A. Sutherland - AncientPages.com - Svarog (Swarog ) is one of the most important deities in the Slavic pantheon. He is the Slavic god of celestial fire and patron of blacksmiths.
He is the Supreme Heavenly God who always sleeps and yet, he controls the flow of Life and Universal Order and governs the World of Yav, the 4-dimensional realm of physical beings. He entrusted this world to Perun, God of Heaven and Lightning.
One day when Svarog wakes up, it will be the end of the world.
'After Svarog reigned his son, named Sun who was also called Dazhbog. The Sun is the king and son of Svarog; he is named Dazhbog, for he was a mighty lord.'
Svarog is a ruler of the sky, fire and is associated with the sun. His role as a guard of the cosmic fire represented by the sun was widely worshiped by the ancient Slavs in the east and west, as the god of the sky (heaven). The root of his name (“svar” means bright, clear) is related to the Sanskrit word "swar" (sun, glow, sky).
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A long-lasting and important habit of bowing and praying to the rising sun, as well as the saint's oath to the sun was still widespread after the Christianization was introduced in the Slavic countries.
He always sleeps and yet, he controls the flow of Life and Universal Order and governs the World of Yav, the 4-dimensional realm of physical beings.
In many Slavonic countries, rural folk still preserve deep respect for fire, which has always had a sacred character among these people, who addressed prayers to fire. For example, the old forbade the young to swear or shout at the moment when the fire was being lighted in the house.
Some old myths confirm that Svarog, after reigning over the universe, transmitted his creative sovereign power to his children and a Byzantine chronicler, John Malala (490-565) summarized cosmogony of the Slavic pagans in these terms:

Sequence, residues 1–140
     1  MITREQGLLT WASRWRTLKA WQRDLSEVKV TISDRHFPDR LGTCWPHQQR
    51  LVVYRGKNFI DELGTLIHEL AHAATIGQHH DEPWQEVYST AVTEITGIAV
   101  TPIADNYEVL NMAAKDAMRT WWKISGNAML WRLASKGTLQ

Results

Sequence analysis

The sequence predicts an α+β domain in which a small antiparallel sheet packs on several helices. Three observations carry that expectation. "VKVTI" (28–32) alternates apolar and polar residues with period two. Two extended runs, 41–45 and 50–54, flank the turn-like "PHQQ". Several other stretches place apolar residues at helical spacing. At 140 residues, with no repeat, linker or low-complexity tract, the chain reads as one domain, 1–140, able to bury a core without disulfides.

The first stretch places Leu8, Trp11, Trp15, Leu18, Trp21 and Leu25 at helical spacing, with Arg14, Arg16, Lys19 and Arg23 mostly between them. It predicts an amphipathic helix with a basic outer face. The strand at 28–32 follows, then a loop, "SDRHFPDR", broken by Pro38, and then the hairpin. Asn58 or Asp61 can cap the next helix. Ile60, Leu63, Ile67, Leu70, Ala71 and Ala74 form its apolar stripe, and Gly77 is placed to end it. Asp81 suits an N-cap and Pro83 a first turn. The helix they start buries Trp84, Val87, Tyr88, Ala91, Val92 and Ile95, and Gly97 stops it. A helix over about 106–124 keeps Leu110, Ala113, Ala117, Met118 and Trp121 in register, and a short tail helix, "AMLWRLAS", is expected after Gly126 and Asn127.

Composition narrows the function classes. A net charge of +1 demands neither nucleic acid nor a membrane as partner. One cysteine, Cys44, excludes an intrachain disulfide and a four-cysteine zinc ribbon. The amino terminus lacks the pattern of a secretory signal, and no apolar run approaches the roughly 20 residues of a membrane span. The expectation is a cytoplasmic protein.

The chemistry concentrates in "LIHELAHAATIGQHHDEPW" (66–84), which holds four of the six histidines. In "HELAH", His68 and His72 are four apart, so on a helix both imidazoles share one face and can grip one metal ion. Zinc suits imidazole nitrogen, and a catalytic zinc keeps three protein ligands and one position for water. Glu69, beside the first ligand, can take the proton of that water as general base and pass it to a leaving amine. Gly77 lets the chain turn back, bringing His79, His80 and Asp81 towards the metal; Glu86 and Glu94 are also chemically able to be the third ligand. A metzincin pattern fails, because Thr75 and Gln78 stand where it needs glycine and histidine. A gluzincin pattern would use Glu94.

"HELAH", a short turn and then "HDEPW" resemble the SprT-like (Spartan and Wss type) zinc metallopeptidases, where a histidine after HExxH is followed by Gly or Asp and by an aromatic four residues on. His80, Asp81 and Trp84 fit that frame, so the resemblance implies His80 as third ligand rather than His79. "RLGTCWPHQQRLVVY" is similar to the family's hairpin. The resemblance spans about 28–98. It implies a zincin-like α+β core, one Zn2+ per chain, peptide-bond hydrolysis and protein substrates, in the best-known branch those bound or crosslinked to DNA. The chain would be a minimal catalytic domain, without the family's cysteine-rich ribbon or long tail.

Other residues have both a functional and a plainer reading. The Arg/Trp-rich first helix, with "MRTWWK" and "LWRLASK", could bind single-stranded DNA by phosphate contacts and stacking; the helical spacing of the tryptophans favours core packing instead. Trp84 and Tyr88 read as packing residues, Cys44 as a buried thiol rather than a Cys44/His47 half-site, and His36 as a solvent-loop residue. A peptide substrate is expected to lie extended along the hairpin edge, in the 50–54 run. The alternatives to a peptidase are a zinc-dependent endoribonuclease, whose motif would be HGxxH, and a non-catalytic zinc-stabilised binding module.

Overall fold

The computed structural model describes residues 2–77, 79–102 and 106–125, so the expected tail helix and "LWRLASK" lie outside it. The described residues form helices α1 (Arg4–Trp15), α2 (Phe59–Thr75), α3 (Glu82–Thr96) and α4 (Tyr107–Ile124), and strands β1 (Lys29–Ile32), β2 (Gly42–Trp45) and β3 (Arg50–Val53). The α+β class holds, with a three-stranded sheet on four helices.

'After Svarog reigned his son, named Sun who was also called Dazhbog. The Sun is the king and son of Svarog; he is named Dazhbog, for he was a mighty lord.' The other son of Svarog, Fire (or “ogon” which can be compared to the Sanskrit agni) is mentioned in ancient work entitled 'Unknown Admirer of Christ'.
Svarog was also considered the guardian of the Slavic home fire and the sacrificial fire, also associated with other gods such as Perun and Weles. As a divine blacksmith, Svarog throws lightning bolts and helps Perun to fight his antagonist, Weles.
Svarog was widely worshiped in the region of the pre-Christian Slavs. In a hidden temple surrounded by sacred forests, special priests performed divination.
According to Bruno of Querfurt (c. 974 – 1009 AD), a sainted missionary bishop and martyr, who was beheaded near the border of Kievan Rus and Lithuania while trying to spread Christianity in Eastern Europe, Svarog was widely worshiped in the region of the pre-Christian Slavs.
In a hidden temple surrounded by sacred forests, special priests performed divination and took care of the sacred horse. They had a tradition of human sacrifices that usually took the form of beheading, which may suggest that sacrificial blood was apparently of importance. One of their victims was the Bishop of Mecklenburg on Jan. 10, who died in martyrdom. The Svarog cult was also confirmed by another chronicler, Adam of Bremen, who lived in the second half of the 11th century.
Known under different names, Svarog has also been sometimes identified with Hephaestus, the god of fire and blacksmith, one of the 12 Olympian Gods, who was a mechanical engineer, a god of metallurgy and the craftsman. However, it is uncertain to what extent the Greeks gods were thought to resemble their Slavic counterparts.
When it comes to the mighty god Svarog, there has always been a true problem with the identification of this mythological figure. His name is mentioned in many old writings but without references to his activities. To talk about Svarog means to rely on various tales and songs about him, but these sources cannot be verified.
Written by – A. Sutherland AncientPages.com Staff Writer
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Expand for references
Christensen, Hammer Warburton, The Handbook of Religions in Ancient Europe
Curta F. Holt A., Great Events in Religion
Andrén, Jennbert, Raudvere, Old Norse religion in long-term perspectives